Except that at about 4:40pm, right before the bread was scheduled to start its baking cycle and near the end of the pulled pork’s cooking time, the power went out. Blips being what they are, that didn’t concern me too much until 45 minutes had passed, at which point I realized that it wasn’t going to come on again any time soon.

We looked into multiple options, such as borrowing a neighbour’s power (that wouldn’t work, the coverage on this outage was pretty large and affected 1,000+ people), cooking on the barbecue (with nothing thawed and nothing that I had started being barbecue-friendly), and going out for dinner (just like the other 1,000+ people who suddenly couldn’t cook dinner). Eventually we settled on driving over to my parents’ place and finishing cooking dinner there. Of course, to do that I had to wait until my husband got home so we could all go together, which added to the wait. By the time we arrived, the capacitor or backup battery in the bread machine had flattened and it couldn’t be re-started from the same point in the cycle. I mean, at least it hadn’t started baking, since it’s more or less impossible to finish cooking a half-baked loaf over an hour later… So I had to bake the bread in the oven, which was totally opposite of the point of using the bread machine in the first place! And I had to finish the crock pot meal inside my parents’ house, when the whole plan was to cook outside to avoid the heat. Not only that, but in all the hooferah I forgot to pick up the salad!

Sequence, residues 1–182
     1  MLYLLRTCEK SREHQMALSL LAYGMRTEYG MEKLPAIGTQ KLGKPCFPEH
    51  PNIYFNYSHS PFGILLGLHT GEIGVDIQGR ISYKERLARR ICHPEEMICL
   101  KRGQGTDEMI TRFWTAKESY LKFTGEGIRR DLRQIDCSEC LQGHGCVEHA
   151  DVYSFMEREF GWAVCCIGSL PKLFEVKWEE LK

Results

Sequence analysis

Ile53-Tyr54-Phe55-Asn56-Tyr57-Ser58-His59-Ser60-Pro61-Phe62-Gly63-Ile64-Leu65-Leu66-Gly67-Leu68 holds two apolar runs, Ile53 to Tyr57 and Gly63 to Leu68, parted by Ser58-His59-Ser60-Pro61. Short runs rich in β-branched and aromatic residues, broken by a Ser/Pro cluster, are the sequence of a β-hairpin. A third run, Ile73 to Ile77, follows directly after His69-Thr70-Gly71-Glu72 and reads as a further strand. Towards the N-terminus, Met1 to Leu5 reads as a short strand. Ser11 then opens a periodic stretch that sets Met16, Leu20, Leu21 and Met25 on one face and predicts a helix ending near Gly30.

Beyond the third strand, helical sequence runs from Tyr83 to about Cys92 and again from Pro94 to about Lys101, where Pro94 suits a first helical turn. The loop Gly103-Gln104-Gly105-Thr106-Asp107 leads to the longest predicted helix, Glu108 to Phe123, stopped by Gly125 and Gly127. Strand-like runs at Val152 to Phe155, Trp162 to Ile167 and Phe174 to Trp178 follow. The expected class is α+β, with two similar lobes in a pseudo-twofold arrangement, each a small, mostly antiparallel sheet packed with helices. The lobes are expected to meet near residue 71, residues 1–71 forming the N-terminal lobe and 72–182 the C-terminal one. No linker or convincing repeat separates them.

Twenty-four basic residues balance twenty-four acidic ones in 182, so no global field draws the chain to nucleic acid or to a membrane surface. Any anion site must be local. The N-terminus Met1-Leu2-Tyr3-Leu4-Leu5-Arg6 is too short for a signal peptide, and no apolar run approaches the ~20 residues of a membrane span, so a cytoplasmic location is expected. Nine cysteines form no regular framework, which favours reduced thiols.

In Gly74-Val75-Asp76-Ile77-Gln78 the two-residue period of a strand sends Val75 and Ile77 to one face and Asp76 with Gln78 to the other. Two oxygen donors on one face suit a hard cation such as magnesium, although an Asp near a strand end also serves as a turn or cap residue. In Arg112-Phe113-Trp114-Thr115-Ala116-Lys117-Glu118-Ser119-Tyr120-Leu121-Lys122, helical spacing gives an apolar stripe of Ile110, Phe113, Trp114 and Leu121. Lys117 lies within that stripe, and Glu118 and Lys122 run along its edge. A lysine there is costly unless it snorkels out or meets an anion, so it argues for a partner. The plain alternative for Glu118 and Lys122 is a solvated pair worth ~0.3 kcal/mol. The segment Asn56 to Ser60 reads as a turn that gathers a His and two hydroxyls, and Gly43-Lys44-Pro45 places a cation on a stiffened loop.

In the end, almost two hours late, the dinner was the pathetic-looking thing pictured above: bland and boring and entirely without even the semblance of vegetables or fruit.

My string of bad cooking luck definitely needs to end soon. I am becoming disheartened.

On the bright side, at least the power was back on for us by 8:00pm or so, when they’d predicted it wouldn’t be up before 1:30am Friday. But I understand that at least half of the 1,000+ customers affected by the outage didn’t get their power back until the wee hours of the morning, so it could have been much worse.

Not Charcoal Briquettes

Last night for dinner I wanted something quick and easy, as well as something that could preferably be cooked on the barbecue. I just wanted to spend time on that lovely new deck! There are lots of options along those lines, but unfortunately not a lot of them could be made without having to make a run to the grocery store this time. Honestly, I have run out of rice, potatoes, and carrots, which are three of my main staples. I really must go do a large grocery run. But I still needed to cook a family dinner with what I had at hand.

So I went with what I’ve been resorting to all too often of late: eggs and toast. The toast was day-old Fluffy Dill Bread. (I’d run the bread machine in the garage since it was so hot and humid the day before, and I didn’t want to heat up the house.) Eggs are always quick and simple, so I made both over-easy and scrambled, to peoples’ preferences. But then there was the sausages to go with the dinner, which are not, as one might think, charcoal briquettes.